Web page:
EMBL/EMBO Joint Conference 2006
Turhan Canli, Stony Brook University, New York, USA
Dr. Canli is of German-Turkish descent and grew up in Germany. After the Abitur, he continued his education at Tufts University in the United States, where he graduated with a degree in Psychology in 1988 (B.A., summa cum laude, summo cum honore in thesi, Psychology). He continued graduate studies at Yale University, where he focused on the neural basis of associative learning in animals, earning a Ph.D. in 1993. After two postdoctoral years at Yale studying the neural basis of emotional learning and memory in animals, he switched to the human brain and moved to Stanford University as a postdoctoral research fellow in 1995. At Stanford, he learned how to conduct functional magnetic resonance imaging studies in the laboratory of Professor John Gabrieli, where Dr. Canli was one of the first researchers to use a cognitive neuroscience approach to the study of extraversion and neuroticism, two fundamental human personality traits.
In 2001, he joined the Psychology faculty of Stony Brook University. He is also a member of the Stony Brook Graduate program in Genetics, and a Visiting Professor at the University of Würzburg, Germany. His current research is concerned with the biology of emotion, personality, and individual differences. Using functional magnetic resonance imaging, magnetic brain stimulation, and molecular genetic techniques, Dr. Canli investigates how and why we differ from each other in our responses to emotional experiences. He recently edited a book on the "Biology of Personality".
Dr. Canli is also a co-founding member and executive board member of the Neuroethics Society, which is concerned with ethical applications of Neuroscience in the real world, including forensic psychology, neuromarketing, behavior prediction, and the war on terror.
Genomic Psychology – An outlook for the next 100 years
Neuroscience has immensely enriched Psychology in the past century. Whereas early Psychology could describe and predict behavior without reference to biology, contemporary Psychology uses much of the currency of Neuroscience to explain the underlying mechanisms of many mental functions. The development of non-invasive tools to study the living human brain has expanded our inquiry beyond animals and brain-damaged human patients to include healthy volunteers. Functional neuroimaging studies of such individuals have produced breathtaking advances in our understanding of the neural basis of human cognitions, emotions, personality traits, and even complex social behaviors over the past two decades.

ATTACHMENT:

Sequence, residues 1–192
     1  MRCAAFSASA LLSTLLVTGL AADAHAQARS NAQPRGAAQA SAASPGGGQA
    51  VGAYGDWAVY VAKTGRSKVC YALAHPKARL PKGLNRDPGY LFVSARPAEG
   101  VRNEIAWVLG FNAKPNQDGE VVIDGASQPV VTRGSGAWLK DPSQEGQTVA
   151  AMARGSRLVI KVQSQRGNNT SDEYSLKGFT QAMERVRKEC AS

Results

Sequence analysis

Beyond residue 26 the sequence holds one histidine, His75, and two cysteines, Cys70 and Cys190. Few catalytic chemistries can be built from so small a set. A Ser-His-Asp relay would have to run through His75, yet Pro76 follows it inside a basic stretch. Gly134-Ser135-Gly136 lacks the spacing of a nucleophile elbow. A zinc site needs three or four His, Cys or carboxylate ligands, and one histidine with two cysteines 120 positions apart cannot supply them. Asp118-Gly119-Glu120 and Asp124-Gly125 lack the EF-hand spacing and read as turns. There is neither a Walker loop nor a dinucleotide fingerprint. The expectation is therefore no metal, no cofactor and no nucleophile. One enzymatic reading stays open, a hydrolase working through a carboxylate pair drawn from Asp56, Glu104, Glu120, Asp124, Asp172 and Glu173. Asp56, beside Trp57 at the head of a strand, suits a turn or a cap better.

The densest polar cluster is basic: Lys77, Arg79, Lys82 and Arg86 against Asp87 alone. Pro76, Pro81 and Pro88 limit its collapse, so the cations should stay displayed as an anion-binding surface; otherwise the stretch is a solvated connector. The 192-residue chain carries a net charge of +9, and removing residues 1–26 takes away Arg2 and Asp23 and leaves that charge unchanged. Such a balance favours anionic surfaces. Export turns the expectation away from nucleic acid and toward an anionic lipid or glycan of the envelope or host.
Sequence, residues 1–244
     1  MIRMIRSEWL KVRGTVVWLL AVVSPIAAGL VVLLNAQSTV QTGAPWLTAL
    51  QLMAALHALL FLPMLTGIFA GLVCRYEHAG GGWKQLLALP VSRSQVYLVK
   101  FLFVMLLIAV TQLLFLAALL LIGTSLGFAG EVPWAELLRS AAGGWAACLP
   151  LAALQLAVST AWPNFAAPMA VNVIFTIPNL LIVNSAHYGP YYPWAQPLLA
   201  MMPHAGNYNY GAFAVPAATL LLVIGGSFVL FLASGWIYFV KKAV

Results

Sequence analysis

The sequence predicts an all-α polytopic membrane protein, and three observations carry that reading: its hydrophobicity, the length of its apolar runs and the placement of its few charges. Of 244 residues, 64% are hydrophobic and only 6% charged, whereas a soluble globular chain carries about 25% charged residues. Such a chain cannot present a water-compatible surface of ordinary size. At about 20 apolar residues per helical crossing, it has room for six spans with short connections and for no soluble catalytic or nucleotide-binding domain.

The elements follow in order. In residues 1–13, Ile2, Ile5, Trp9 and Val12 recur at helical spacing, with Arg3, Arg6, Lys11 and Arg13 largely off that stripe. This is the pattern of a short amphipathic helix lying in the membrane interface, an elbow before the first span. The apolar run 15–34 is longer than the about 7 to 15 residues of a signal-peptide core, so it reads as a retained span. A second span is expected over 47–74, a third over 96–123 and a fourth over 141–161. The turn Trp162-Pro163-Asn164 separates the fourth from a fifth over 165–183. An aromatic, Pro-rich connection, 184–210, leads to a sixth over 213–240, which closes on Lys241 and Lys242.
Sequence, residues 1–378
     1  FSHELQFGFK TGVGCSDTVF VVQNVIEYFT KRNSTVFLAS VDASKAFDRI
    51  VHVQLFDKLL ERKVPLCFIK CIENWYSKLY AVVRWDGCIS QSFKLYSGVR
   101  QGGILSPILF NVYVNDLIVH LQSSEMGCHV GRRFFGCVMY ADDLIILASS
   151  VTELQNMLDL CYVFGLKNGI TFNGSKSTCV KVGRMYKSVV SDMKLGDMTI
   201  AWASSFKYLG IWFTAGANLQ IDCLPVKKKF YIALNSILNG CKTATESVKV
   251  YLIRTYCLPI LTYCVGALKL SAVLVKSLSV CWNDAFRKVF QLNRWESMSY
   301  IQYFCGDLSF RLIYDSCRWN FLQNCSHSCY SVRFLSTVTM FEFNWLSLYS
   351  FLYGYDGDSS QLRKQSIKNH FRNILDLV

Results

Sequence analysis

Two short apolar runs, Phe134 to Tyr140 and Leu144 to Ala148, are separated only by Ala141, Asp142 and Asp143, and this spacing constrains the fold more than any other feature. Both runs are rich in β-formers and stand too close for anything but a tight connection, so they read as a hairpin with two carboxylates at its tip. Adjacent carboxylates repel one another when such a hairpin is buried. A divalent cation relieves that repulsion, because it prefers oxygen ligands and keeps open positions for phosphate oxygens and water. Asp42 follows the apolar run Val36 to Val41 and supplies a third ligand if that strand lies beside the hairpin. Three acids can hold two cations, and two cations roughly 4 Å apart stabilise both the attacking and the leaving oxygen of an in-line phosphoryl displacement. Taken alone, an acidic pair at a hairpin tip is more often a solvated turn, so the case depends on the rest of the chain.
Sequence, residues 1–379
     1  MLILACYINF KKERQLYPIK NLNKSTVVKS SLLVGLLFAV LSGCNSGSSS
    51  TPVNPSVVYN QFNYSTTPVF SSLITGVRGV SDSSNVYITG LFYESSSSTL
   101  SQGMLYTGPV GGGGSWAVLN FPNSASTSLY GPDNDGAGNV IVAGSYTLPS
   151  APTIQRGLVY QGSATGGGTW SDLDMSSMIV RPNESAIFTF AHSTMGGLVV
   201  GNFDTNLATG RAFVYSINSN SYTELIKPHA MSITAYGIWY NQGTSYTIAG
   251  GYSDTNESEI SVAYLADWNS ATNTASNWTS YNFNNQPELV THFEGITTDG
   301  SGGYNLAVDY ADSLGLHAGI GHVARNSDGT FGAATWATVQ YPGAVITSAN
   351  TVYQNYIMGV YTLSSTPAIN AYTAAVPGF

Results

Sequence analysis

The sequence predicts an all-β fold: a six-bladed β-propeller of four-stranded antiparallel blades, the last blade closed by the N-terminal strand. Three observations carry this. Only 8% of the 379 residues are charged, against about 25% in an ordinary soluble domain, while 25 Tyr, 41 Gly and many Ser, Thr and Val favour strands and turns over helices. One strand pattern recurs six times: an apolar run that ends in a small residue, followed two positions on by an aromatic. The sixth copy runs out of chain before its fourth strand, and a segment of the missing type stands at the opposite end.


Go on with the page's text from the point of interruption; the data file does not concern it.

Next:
We are now on the threshold of another major advancement, this time thanks to molecular biology, which has begun to identify individual variations within specific genes that regulate neural transmission and other brain-related processes. Investigators in molecular biology have also begun to associate genomic variation with individual differences in cognitive processes and personality traits. Current work focuses on the mechanisms by which environmental variables and life experience modify the genome, thereby developing a molecular account of specific gene-by-environment interactions in the brain.
What are the implications for psychology for the next 100 years? I see three major consequences. The first consequence will be a deeper understanding of the roots of behavior. We will have a better understanding why people do what they do, because we will understand the interactions between genetic and environmental factors, and their impact on brain circuits that generate behavior. The second consequence will be a vastly improved (but by no means perfect) ability to predict behavior, compared to current methods. The ability to predict behavior will have considerable consequences in many "real world" applications, such as in the judicial system, in applicant screening, and in marketing. The third consequence will be behavior modification or mental enhancement, such as the removal of unwanted (e.g., criminal) behaviors or the enhancement of desired abilities (e.g., better memory). Psychology will play a major role in each of these three domains, but will also have to play a prominent role, along with Neuroethics, in advocating the responsible and ethical use of these applications in society.